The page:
Cardiovascular Diabetology 01/2013; 12(1):7. DOI:10.1186/1475-2840-12-7 · 4.02 Impact Factor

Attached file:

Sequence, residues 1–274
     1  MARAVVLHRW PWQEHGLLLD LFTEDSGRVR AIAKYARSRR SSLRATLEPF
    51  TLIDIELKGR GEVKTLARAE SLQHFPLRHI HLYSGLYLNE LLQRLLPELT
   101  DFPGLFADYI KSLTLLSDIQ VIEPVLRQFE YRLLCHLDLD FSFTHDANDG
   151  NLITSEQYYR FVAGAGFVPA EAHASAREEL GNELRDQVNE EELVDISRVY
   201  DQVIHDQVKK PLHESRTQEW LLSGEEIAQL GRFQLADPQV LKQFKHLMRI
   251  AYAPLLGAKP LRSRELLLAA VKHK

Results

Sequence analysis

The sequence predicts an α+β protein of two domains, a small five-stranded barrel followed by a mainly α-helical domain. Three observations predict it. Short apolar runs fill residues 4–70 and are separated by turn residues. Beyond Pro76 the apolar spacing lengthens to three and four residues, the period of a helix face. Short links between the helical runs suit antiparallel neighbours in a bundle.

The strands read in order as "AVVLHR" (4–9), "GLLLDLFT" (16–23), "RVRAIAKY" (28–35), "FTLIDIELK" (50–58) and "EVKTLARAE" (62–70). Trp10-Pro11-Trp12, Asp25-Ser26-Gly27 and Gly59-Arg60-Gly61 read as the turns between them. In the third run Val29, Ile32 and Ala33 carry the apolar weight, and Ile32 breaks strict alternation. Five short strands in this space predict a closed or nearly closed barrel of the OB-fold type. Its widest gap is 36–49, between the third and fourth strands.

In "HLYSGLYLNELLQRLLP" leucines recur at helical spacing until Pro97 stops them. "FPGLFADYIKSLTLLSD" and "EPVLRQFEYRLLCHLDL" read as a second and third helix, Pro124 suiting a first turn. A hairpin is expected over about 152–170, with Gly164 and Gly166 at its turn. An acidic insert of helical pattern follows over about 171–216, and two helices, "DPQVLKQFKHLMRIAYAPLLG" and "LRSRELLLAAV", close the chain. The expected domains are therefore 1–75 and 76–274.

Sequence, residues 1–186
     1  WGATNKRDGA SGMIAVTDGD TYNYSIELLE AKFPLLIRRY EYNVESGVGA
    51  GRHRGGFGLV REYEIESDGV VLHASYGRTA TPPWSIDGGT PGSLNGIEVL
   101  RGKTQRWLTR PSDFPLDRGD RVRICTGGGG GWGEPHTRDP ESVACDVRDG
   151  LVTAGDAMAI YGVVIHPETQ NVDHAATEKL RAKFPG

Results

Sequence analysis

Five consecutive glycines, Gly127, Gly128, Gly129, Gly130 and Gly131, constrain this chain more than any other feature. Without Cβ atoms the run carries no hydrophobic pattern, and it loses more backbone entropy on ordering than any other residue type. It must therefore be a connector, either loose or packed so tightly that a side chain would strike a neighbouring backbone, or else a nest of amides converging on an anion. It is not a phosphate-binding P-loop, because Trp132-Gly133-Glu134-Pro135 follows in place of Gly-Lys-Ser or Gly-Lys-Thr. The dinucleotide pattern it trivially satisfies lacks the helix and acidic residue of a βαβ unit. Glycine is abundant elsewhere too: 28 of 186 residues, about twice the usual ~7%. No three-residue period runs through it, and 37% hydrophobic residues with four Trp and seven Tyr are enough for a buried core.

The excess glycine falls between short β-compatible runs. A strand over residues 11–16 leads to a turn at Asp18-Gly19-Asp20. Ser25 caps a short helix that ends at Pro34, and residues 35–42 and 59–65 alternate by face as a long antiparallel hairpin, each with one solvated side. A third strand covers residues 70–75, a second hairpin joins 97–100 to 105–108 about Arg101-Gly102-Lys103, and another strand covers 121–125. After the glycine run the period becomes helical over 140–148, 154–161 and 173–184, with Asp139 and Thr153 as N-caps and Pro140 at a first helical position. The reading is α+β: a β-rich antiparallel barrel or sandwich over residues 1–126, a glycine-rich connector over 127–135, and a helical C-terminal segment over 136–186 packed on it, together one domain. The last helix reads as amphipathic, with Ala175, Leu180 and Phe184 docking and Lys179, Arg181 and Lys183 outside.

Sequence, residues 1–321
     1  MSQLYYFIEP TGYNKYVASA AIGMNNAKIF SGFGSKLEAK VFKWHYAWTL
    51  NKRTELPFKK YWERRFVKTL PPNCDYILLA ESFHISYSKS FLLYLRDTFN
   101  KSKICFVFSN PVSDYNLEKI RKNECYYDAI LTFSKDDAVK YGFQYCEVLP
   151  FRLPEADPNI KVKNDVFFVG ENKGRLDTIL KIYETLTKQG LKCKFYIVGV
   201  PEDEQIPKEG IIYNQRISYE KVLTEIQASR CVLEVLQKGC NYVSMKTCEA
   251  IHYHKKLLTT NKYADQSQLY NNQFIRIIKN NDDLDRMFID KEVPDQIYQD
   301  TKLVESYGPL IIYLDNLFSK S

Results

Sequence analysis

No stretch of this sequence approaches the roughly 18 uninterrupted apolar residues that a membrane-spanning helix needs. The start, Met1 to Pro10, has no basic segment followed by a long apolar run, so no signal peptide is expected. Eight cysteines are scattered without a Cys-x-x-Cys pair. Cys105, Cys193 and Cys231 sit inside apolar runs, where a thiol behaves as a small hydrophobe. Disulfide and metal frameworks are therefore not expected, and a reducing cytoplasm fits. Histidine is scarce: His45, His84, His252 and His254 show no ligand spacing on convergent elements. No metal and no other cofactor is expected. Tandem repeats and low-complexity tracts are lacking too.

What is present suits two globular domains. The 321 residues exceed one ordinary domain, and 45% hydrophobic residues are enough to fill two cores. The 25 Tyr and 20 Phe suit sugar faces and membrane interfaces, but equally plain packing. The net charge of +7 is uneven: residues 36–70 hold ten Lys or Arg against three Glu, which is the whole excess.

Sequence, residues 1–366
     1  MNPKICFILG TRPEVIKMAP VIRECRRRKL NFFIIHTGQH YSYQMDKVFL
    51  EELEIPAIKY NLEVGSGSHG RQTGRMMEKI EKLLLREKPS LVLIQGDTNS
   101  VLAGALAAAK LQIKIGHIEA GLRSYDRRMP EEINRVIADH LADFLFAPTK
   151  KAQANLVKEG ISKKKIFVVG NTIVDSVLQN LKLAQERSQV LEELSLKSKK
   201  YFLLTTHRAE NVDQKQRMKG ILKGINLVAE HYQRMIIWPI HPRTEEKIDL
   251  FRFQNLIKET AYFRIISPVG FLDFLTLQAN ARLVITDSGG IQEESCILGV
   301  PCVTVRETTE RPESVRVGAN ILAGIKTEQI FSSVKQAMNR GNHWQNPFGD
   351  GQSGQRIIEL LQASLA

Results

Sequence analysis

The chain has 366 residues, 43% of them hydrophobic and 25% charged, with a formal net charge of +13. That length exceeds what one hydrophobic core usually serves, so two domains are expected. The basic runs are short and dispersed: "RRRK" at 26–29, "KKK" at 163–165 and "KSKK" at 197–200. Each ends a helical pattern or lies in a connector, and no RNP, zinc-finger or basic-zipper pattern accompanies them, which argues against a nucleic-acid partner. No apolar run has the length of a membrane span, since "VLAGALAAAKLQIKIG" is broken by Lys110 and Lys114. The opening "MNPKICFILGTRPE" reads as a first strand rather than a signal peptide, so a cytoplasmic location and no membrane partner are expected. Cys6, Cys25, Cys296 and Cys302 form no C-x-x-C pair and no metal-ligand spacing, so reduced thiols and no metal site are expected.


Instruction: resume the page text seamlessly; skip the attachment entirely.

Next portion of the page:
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    • "According to the Framingham Offspring Cohort cross-sectional study, following the measurement of vitamin K levels in subjects in a community-based setting, proinflammatory cytokines such as IL-6, intercellular adhesion molecule-1 (ICAM-1), and tumor necrosis factor receptor 2 (TNFR2) were found to be negatively correlated with vitamin K [21]. Furthermore, according to Shea et al. [22], the concentration of serum high sensitivity C-reactive protein (hs-CRP), a sensitive inflammatory marker, had a negative correlation with serum vitamin K concentration. Moreover, according to a cross-sectional study conducted in elderly individuals, there was a positive correlation between osteoprotegerin, an inflammatory marker suppressing bone loss reactions, and vitamin K. "